FDA Plans to Reduce Liver Damage Risk by Asking Physicians to Stop Prescribing High-Dose Acetaminophen Products

The US Food and Drug Administration is asking physicians to stop prescribing and dispensing medications containing high doses of acetaminophen to reduce the risk of liver damage. (Credit: JAMA, ©AMA)

To reduce the risk of liver damage, the US Food and Drug Administration is asking physicians to stop prescribing and dispensing medications containing high doses of acetaminophen. (Credit: JAMA, ©AMA)

After only limited success in persuading drug manufacturers to reduce the amount of the painkiller acetaminophen in prescription combination products, the US Food and Drug Administration (FDA) has now called on physicians to avoid prescribing these products if the acetaminophen content is too high. Liver failure, a need for liver transplantation, or death can occur when individuals exceed a certain daily dosage.

In 2011, the FDA gave manufacturers 3 years to voluntarily limit the amount of  acetaminophen in prescription combination drugs to no more than 325 mg in each tablet or capsule. The 3-year window closed this week, and although more than half of manufacturers have complied, some have not.

Acetaminophen, used to relieve pain and fever, can be found in over-the- counter products, such as Tylenol, and in prescription products combined with other ingredients, usually opioids such as codeine (Tylenol with Codeine), oxycodone (Percocet), and hydrocodone (Vicodin).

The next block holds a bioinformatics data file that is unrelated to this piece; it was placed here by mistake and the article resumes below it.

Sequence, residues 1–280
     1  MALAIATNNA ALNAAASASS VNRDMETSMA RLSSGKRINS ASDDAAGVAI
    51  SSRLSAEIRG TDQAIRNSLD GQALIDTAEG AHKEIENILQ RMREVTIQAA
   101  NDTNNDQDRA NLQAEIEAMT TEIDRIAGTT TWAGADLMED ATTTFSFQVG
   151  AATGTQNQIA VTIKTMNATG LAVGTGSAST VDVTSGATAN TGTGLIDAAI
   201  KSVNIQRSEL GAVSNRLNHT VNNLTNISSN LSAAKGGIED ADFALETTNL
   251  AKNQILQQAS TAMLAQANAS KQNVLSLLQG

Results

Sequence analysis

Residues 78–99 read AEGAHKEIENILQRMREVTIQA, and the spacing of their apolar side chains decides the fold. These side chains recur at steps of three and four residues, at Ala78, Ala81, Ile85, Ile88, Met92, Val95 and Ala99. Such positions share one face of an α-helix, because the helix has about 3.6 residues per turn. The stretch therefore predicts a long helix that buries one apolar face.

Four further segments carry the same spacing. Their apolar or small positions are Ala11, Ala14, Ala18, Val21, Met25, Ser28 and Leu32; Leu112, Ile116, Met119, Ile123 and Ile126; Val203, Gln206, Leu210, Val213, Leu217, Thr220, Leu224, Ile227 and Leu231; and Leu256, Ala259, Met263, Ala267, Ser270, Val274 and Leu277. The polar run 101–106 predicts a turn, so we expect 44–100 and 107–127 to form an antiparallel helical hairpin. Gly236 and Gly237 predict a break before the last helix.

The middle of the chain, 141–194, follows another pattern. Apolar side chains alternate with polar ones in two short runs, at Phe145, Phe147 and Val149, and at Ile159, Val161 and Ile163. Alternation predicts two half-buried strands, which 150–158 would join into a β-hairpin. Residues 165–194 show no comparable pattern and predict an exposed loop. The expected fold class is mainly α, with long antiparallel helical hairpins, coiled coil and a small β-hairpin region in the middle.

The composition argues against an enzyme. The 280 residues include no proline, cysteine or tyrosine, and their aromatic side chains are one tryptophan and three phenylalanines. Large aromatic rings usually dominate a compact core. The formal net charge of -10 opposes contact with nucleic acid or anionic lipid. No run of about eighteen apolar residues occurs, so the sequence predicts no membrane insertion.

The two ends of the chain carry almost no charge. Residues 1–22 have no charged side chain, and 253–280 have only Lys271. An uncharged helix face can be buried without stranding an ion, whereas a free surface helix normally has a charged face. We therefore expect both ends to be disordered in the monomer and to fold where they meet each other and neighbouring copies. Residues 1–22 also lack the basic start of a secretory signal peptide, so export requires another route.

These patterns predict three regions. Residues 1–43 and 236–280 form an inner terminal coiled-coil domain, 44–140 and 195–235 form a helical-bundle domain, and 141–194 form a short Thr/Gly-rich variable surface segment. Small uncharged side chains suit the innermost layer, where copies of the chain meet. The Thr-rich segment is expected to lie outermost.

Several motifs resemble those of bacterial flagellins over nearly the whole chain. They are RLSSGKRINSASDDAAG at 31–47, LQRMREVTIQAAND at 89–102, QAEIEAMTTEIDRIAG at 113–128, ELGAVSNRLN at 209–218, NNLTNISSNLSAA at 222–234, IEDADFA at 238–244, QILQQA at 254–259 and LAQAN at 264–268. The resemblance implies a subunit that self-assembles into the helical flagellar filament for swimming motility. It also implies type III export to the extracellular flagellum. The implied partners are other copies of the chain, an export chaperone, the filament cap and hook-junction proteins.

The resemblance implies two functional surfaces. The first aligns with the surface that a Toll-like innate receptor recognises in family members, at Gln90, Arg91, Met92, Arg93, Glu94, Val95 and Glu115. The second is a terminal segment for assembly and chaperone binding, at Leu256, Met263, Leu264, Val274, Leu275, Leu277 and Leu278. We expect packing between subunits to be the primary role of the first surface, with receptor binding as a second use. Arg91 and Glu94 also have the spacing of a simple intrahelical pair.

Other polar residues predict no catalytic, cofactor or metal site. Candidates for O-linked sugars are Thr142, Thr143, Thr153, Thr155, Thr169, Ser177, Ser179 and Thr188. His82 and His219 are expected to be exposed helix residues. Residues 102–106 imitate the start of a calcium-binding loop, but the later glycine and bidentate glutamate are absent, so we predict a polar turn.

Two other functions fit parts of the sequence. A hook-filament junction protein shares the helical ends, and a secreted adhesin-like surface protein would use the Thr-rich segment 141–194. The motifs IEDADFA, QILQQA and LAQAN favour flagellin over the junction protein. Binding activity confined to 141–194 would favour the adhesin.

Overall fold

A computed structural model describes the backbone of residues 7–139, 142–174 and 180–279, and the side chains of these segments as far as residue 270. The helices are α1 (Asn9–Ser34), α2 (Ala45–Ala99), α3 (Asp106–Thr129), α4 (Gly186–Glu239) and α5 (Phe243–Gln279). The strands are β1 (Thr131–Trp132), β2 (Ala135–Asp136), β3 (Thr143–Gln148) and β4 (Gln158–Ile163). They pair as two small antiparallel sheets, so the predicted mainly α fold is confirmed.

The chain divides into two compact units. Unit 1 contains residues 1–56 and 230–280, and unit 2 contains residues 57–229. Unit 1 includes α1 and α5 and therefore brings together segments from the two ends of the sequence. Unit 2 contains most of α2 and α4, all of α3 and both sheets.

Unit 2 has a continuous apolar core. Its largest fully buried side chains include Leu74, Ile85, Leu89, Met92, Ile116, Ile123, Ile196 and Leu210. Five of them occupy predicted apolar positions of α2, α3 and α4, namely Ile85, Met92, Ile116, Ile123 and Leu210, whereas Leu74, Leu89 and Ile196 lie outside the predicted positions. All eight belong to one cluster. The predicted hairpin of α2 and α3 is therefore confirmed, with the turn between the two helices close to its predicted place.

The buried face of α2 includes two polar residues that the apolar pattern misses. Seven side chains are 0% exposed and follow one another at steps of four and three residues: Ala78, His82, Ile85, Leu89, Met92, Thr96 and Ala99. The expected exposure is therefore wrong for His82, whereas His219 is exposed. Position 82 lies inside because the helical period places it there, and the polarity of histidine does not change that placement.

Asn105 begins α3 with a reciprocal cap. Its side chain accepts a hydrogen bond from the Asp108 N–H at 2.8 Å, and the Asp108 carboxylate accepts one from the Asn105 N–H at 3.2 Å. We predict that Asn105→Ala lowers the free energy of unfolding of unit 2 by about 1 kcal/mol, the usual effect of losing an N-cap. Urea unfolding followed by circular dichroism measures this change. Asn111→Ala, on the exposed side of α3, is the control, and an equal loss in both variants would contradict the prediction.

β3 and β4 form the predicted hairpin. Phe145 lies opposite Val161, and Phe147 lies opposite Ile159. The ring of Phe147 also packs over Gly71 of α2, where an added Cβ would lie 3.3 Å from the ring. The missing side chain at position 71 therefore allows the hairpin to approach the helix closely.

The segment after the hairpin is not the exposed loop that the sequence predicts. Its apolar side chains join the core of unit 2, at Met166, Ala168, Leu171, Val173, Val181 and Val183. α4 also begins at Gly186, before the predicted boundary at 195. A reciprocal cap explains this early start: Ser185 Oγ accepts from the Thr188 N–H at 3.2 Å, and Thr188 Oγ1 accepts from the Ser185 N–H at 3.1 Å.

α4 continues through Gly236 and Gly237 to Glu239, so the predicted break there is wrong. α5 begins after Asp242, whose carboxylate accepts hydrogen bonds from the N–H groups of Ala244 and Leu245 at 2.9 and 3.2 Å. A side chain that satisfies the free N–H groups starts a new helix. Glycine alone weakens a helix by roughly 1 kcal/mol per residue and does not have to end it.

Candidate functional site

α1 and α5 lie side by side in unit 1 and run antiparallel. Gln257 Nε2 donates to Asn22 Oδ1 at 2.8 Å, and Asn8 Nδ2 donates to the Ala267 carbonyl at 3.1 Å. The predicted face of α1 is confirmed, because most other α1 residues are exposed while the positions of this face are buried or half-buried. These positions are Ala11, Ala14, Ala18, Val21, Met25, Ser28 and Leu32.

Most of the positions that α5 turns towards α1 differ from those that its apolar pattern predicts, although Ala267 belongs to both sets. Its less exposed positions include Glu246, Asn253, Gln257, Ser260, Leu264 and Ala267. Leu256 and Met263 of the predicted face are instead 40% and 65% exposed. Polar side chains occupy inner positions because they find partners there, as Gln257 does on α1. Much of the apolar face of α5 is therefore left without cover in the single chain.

However, severe liver injury can occur when acetaminophen use exceeds maximum dosage (currently 4000 mg within a 24-hour period) or when an individual takes the drug and also consumes alcohol. Researchers estimate that in the United States, there are about 44 000 acetaminophen overdose–related emergency department visits each year, with about half being unintentional.

This week, the FDA issued a recommendation to physicians and other health care professionals to discontinue prescribing and dispensing prescription combination drug products that contain more than 325 mg of acetaminophen. The agency noted that no available data show that taking higher doses per pill or tablet provides additional benefit that outweighs the added risks for liver injury. This limitation should help reduce the risk of severe liver injury from inadvertent acetaminophen overdose.

The FDA said that it will soon begin proceedings to withdraw approval of prescription combination drug products containing more than 325 mg of acetaminophen per dosage unit that remain on the market.

The FDA’s action this week does not apply to products sold over the counter that contain acetaminophen as the sole active ingredient or combined with other drugs, such as ingredients found in cough and cold medicine. As ProPublica, an independent, nonprofit news group points out, some over-the-counter products contain as much as 625 mg of acetaminophen per dose. However, the agency said it will address over-the-counter acetaminophen products in another regulatory action because many consumers are unaware that overuse of acetaminophen poses a liver damage risk.



Categories: Adverse Effects, Drug Therapy, Patient Safety/Medical Error